Atom Egoyan's erotic thriller, Chloe, starring Julianne Moore, Liam Neeson and Amanda Seyfried will be getting a limited North America theatrical release on March 26. Chloe is a young escort hired by Catherine (Moore) to seduce her husband (Neeson) and uncover the reasons behind his physical and emotional absence. When Chloe is successful and shares the stories with Catherine, she becomes obsessed with the accounts and tangled in a web of sexual desire that places everything, including her family, at risk. While the most memorable thing about the recent trailers is probably a kissing scene between Moore and Seyfried, the clip's end features a tense moment in which Seyfried catches her breath and, with tears in her eyes, lifts her gaze and stares directly into the camera. This is something the Armenian-Canadian director has done before in other films, and is certainly not something new to cinema.

For someone like Egoyan, themes of voyeurism, technology, isolation and alienation run rampant in his work and so it seems that the use of this technique makes his characters open and vulnerable to the filmgoer. He flips this a bit in Felicia's Journey when Joe's (Bob Hoskins) character momentarily confronts the audience with a stare before drugging his latest victim. A simple glance is all it takes to bridge the distance between the viewer and the events on screen and induce sympathy or even make them complicit to a crime.
Ingmar Bergman used the same simplistic but emotionally charged "look" in The Seventh Seal and direct-address technique in several films, including The Passion of Anna, where interview segments with the actors (about their own characters) "breaks the fourth wall" in a way that bears some resemblance to reality television or shows like The Office.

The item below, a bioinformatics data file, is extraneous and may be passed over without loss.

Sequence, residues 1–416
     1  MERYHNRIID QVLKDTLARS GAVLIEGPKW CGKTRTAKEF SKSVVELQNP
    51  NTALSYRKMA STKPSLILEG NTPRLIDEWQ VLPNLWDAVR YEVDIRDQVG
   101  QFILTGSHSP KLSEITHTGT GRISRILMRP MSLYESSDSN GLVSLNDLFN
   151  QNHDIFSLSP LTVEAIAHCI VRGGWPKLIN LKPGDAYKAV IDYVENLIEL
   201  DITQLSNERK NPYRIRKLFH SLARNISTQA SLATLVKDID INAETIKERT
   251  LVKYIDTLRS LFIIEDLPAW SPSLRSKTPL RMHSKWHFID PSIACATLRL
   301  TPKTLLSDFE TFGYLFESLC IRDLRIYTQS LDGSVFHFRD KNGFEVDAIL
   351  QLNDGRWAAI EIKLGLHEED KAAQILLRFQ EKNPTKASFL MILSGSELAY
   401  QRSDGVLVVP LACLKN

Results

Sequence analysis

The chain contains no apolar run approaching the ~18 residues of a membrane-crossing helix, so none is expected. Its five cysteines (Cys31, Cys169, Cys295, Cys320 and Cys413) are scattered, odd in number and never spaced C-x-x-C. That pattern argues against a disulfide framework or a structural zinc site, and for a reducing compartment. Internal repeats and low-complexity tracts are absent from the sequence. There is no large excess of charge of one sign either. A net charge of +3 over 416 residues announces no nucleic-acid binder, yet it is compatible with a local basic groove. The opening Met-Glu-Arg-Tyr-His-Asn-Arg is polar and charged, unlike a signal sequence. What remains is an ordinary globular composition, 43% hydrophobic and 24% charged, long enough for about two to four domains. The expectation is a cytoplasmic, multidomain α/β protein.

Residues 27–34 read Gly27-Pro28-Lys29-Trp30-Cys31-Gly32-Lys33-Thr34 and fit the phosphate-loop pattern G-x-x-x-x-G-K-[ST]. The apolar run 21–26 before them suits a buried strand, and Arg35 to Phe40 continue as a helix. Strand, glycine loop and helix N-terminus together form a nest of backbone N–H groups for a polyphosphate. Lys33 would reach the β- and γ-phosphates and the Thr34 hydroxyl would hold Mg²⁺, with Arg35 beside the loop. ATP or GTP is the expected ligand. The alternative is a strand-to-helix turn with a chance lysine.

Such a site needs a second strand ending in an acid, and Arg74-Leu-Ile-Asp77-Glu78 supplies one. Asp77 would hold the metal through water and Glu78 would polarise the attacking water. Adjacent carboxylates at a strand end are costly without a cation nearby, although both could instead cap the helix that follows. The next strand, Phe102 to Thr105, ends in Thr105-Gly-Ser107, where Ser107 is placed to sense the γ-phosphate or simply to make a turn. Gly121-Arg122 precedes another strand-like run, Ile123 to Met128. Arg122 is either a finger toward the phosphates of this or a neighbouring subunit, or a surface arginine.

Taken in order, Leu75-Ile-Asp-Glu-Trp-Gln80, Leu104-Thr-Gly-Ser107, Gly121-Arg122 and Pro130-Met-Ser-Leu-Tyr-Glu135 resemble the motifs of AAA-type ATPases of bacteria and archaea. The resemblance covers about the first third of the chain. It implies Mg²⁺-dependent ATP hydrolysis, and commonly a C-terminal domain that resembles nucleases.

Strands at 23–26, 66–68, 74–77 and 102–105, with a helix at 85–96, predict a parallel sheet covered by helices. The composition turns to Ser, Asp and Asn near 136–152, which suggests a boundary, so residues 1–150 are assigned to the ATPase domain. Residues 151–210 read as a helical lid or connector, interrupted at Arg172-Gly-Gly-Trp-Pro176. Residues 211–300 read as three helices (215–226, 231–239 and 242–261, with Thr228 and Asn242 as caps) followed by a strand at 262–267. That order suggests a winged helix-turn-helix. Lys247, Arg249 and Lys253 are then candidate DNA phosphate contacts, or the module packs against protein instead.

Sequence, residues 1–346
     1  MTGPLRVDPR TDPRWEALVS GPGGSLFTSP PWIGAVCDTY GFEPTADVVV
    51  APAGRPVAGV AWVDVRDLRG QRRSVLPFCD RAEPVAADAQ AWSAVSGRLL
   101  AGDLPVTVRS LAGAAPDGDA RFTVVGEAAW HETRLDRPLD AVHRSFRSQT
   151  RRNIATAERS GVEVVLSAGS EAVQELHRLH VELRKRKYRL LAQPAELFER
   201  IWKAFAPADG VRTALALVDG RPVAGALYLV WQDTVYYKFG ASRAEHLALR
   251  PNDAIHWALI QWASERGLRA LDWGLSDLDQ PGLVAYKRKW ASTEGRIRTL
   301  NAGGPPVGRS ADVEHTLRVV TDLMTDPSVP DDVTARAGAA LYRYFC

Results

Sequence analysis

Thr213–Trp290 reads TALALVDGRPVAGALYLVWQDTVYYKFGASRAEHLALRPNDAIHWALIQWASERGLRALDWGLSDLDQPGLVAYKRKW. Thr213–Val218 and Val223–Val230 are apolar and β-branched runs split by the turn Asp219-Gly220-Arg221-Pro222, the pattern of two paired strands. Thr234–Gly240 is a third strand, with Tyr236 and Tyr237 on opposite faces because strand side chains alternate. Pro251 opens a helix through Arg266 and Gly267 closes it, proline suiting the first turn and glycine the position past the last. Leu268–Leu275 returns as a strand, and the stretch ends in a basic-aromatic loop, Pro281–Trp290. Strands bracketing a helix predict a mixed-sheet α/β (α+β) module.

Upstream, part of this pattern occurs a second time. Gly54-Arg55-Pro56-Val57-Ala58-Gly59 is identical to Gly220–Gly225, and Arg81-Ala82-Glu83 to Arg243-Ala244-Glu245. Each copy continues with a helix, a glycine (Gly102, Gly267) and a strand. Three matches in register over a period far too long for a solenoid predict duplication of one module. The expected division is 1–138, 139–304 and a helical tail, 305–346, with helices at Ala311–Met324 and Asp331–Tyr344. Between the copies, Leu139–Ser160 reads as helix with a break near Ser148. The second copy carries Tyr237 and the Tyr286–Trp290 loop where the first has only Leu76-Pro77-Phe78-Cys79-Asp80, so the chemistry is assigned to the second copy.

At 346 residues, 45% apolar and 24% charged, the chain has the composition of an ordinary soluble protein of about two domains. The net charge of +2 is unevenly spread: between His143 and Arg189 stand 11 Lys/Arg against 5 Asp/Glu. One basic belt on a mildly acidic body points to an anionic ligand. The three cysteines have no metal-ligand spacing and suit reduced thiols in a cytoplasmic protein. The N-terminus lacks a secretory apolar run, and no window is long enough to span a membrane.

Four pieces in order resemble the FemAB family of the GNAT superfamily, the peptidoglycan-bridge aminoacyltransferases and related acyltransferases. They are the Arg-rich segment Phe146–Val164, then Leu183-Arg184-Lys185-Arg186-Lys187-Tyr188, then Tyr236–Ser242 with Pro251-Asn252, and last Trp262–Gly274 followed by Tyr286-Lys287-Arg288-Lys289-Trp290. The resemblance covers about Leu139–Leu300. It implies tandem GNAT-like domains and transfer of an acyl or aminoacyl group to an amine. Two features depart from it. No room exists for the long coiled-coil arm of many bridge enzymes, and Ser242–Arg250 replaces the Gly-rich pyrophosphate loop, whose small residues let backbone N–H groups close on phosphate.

Blazing Saddles, Ferris Bueller's Day Off, Animal House and Annie Hall are just a few films that use direct-address to comedic effect, reinforcing the bond the viewer shares with that character and their situation. Sometimes the technique is used to a patronizing effect (intentional or not), as when self-obsessed characters become mouthpieces for the philosophies of their creators, like in Michael Haneke's Funny Games.

Filmmakers have been using these forms of direct-address for so long now that it's become part of the language of cinema, but have audiences become so used to it that they no longer notice? Do you prefer actors take a more understated approach when addressing the camera, or are you the kind of viewer that can't get enough of your favorite character's asides? Does this technique have any bearing on your emotional connection to the character or is it simply annoying? I've highlighted a few classic examples of this approach, but there are countless others out there. What are some of your favorites? Which ones have you hated so much that they ruined the entire viewing experience for you?

Check out the trailer for Atom Egoyan's Chloe after the jump.